"We saw her give hell to Iga Swiatek" - Andy Roddick impressed by Naomi Osaka's improvements on clay

Thursday, 20 June 2024 at 02:30
After missing over a year on tour due to giving birth, Naomi Osaka has resumed her quest for glory on the WTA circuit. Her recent performances have led Andy Roddick to believe the Japanese Superstar has made vast improvements on clay and even grass, surfaces that were not her preferred conditions.
The four-time Grand Slam champion gave birth to her daughter in July 2023, and returned to the WTA tour at the start of the 2024 season. After some subpar performances, the former World No.1 shocked the tennis community by going toe to toe with defending champion Iga Swiatek at Roland Garros. Osaka even held a match point on the World No.1, but was unable to close the deal and lost in three thrilling sets.

Osaka slowly returning to her previous form, says Roddick

Following the clay court season, Osaka faced off against World No.8 Zheng Qinwen at the Berlin Ladies Open. The Japanese star displayed some aggressive tennis that was reminiscent of her Grand Slam winning days. However, she was unable to topple her Chinese opponent, who hit a WTA seasonal record of 23 aces to prevail with a 6-4 3-6 6-3 victory.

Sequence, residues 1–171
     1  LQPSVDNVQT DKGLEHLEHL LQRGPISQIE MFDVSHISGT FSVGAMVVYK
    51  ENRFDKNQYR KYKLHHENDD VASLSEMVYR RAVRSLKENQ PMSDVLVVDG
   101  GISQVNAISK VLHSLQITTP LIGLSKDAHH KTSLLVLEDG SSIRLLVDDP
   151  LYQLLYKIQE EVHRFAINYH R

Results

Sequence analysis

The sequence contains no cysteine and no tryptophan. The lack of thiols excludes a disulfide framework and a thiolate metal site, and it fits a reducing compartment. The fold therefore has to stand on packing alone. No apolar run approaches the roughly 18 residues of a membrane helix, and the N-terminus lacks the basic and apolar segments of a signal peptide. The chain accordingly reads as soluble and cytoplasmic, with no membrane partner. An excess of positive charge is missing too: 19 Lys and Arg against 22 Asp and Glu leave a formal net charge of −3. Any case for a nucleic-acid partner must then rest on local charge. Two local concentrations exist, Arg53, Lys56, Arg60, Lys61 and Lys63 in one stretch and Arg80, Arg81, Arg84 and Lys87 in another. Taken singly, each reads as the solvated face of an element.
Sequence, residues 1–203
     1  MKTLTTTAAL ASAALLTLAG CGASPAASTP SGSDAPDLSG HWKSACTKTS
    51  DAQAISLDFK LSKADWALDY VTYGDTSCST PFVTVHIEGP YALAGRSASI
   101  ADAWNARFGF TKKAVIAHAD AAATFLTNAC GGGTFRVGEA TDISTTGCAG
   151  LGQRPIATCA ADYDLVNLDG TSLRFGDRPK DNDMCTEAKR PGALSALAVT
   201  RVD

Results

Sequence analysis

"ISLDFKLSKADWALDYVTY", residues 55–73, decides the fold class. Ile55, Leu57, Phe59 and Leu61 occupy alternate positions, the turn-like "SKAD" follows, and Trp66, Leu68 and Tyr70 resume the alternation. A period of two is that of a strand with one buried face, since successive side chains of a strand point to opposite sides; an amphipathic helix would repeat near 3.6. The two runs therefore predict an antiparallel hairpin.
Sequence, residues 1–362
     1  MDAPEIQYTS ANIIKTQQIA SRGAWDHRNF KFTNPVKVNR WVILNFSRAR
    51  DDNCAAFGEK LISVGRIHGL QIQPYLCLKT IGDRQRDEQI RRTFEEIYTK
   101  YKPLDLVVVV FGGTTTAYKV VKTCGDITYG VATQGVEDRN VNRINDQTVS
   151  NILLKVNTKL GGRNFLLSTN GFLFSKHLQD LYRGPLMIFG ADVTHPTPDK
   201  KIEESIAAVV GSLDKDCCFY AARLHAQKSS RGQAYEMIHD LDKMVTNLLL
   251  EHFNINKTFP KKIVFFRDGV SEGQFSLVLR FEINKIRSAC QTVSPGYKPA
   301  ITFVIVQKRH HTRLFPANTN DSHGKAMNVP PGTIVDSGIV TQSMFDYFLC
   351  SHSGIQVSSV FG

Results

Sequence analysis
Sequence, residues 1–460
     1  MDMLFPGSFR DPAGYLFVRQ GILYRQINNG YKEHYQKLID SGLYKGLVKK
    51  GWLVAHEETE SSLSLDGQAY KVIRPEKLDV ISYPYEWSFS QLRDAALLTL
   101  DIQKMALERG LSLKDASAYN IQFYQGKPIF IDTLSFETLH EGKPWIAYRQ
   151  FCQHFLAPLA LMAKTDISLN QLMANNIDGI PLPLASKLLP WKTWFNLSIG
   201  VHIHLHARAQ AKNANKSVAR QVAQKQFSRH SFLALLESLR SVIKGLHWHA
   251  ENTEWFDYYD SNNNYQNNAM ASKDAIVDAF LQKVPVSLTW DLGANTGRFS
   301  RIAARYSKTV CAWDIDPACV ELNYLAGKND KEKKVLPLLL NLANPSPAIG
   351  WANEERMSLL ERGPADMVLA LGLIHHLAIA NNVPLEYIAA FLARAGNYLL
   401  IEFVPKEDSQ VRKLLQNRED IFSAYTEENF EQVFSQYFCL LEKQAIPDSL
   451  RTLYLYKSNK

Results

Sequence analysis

In an interview with The Tennis Channel, Roddick had high praise for Osaka. The retired American highlighted her improvements over the last few weeks, especially on her least favorite surfaces of clay and grass.
"I think Naomi is making this progress on surfaces that she doesn't really like, that aren't natural for her," said Roddick. "On clay, we saw her give hell to Iga Swiatek at the French Open. She was the only one who is been in the same stratosphere as Swiatek for two hours of that tournament and then I like what he's doing on the grass.
"My favorite thing is that he's planning aggressively played last week, he played this week. has ever done in her entire career or even when she was at her peak. And I think we're starting to see those high-level moments from Naomi. Obviously, the mistakes come a little more often than when she was in her prime."

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